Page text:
Alias by this point understands it has a great deal of balls in the air and story threads it needs to either start taking to the next level or justifiably paying off. This was a major problem with Snowman, the previous episode; it spun the show’s wheels, focusing on an extraneous central romantic entanglement which means little beyond serving as a thematic parallel, at the expense of getting on with most of the story in play. The Solution begins to correct that immediately. It ramps up the search for Khasinau. It reintroduces the Rambaldi mythology. It spirals back around to Sloane’s relationship with his wife Emily and his dealings with the Alliance and it kicks back into gear the simmering Will investigating SD-6 plot line, which ends up being a major factor in how Season 1 comes to an end. 

In short, while not necessarily much more than a protracted Act One, The Solution corrects most of the problems from the previous episode or two.

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Alias, Episode Reviews, TV

ALIAS 1×19: ‘Snowman’ (TV Review)

If Masquerade was a busy episode of Alias that needed to function as both ostensibly the beginning of a two-part episode, and deal with the reverberations from the mid-section of the run, then Snowman ranks as one of the most disposable outings in Alias’ debut season.

Snowman in any other series would have been a two-part episode expressly designed for our protagonist Sydney Bristow to enjoy a brief romantic attachment that would in no way impinge on the formula of the show. As discussed in Masquerade, this kind of plot device would often be deployed in TV shows across the 1990’s which balanced stand-alone storytelling with a level of narrative serialisation; any number of Star Trek characters across The Next Generation, Deep Space Nine, Voyager or Enterprise for example as one of the worst offenders for this trope. The problem with the character who serves this function in Alias, Noah Hicks, and the problem with Snowman in general, is that it has to function within a broader ongoing serialised narrative that is ramping up for the climactic beats of the season.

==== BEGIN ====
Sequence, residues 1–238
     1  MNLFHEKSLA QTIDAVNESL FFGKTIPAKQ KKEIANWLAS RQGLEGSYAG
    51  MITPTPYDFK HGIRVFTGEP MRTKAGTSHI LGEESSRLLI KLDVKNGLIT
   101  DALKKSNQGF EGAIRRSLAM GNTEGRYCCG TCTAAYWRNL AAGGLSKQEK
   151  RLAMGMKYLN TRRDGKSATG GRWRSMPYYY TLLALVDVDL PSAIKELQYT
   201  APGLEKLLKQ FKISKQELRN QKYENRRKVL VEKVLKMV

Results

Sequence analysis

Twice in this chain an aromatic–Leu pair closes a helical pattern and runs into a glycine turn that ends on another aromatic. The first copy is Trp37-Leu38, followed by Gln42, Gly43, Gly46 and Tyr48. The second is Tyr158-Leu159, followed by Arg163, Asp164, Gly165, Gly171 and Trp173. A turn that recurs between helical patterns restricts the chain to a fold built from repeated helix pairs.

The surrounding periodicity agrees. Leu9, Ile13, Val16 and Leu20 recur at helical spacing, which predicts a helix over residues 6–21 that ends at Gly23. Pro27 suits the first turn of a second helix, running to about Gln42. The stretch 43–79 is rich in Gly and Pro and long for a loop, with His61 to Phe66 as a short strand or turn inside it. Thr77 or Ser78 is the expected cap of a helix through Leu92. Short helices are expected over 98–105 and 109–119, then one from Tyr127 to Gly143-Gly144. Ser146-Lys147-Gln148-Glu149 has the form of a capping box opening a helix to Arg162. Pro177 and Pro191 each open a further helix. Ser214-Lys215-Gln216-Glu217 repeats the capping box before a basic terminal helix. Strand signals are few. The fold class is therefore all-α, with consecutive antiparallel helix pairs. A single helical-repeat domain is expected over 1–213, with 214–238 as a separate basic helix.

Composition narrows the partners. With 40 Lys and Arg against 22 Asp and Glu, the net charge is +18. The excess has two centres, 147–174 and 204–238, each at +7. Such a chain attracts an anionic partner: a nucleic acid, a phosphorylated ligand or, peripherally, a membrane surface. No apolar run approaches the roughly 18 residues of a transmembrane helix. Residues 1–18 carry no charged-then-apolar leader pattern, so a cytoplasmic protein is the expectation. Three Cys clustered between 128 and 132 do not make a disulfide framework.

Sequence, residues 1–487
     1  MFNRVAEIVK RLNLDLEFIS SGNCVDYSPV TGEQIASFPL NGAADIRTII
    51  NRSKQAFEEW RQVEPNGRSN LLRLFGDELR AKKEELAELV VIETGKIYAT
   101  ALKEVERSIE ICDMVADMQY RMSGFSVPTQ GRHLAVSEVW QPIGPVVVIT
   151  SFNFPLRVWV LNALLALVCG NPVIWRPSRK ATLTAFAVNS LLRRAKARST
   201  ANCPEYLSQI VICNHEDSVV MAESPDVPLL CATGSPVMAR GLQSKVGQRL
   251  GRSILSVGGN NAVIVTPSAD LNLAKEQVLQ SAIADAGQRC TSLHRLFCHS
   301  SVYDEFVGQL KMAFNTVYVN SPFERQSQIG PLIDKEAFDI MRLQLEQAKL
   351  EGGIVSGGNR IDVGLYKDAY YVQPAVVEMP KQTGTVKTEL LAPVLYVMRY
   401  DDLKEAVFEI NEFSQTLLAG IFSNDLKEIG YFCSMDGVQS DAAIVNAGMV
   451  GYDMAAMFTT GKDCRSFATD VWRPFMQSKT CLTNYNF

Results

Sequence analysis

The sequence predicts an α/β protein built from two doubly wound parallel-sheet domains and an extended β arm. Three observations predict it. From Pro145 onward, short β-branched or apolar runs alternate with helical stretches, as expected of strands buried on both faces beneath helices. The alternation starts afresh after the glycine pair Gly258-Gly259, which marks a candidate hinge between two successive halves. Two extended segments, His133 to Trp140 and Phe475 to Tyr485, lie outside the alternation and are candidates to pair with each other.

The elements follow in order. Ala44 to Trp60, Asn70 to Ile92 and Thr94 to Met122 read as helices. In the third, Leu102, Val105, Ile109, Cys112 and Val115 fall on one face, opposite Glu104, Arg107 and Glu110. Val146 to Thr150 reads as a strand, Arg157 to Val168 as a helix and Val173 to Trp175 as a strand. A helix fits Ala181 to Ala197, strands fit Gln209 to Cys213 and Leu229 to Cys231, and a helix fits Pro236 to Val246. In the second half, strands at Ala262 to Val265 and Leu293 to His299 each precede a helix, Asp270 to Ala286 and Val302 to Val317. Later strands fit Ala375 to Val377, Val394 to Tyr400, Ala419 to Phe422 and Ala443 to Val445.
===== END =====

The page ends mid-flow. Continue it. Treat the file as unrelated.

By this point in the twenty-two episode season, Sydney is simultaneously balancing her role as a double agent for the CIA inside the sinister SD-6, reeling from the revelations that her mother was secretly a KGB agent but is also in fact still alive, now aware she is central to an arcane, esoteric prophecy by a 15th century genius who predicted she could be some kind of human weapon of mass destruction and she is having to keep all of this secret from her two best friends, plus has steadily been developing an attachment to her CIA handler which goes beyond professional concern. Where exactly could any kind of meaningful love story fit amidst such a dense stack of open and ongoing plot lines? Especially when each episode has to service the majority of them at once.

Snowman ends up being an episode which focuses on the one story element that, in the long run, is never going to matter.

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Alias, Episode Reviews, TV

ALIAS 1×18: ‘Masquerade’ (TV Review)

Masquerade operates in a tricky position within the scope of Alias’ debut season and, arguably, marks the beginning of what in any other series would be a clear, delineated two-part episode.

Alias may appear ostensibly to be a highly serialised, propulsive rocket of a series, but it has flirted with trying to tell smaller, condensed arcs within that broader structure, often connecting episodes with specific themes or characters. Color Blind and Reckoning, for instance, which focused on Sydney Bristow coming face to face with her fiancee Danny’s assassin; Mea Culpa and Spirit, which dealt primarily with a mole hunt in SD-6, and of course The Box which actually was a two-part episode and condensed Alias’ format down in a way the show would never as tightly repeat again, despite directly playing off a major narrative beat in the previous episode.

Masquerade is the beginning of such a double episode and the epilogue to, essentially, a three-part story.

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Alias, Episode Reviews, TV

ALIAS 1×17: ‘Q&A’ (TV Review)

While on the surface, Q&A may be Alias falling back on a tried and tested televisual trope, this epilogue of an episode is remarkably concentrated around testing philosophical concepts of fate, destiny and free will.

Alias has experienced a succession of earth-shattering revelations since the climax of The Confession that Sydney Bristow has been increasingly struggling to digest. She pulled back from quitting her life as a double agent in The Box, only for the stakes to infinitely rise as ‘The Man’ aka Alexander Khasinau emerged on the scene as a direct challenger to the Alliance and SD-6, before Page 47 and The Prophecy personalised the central Rambaldi mythology for her in a way which added a further reason why escaping this life in the short term would be impossible. Q&A may appear to be a time out from these escalating narratives but in real terms it serves more as a point to pause and take stock of where we have ended up over the last sixteen episodes.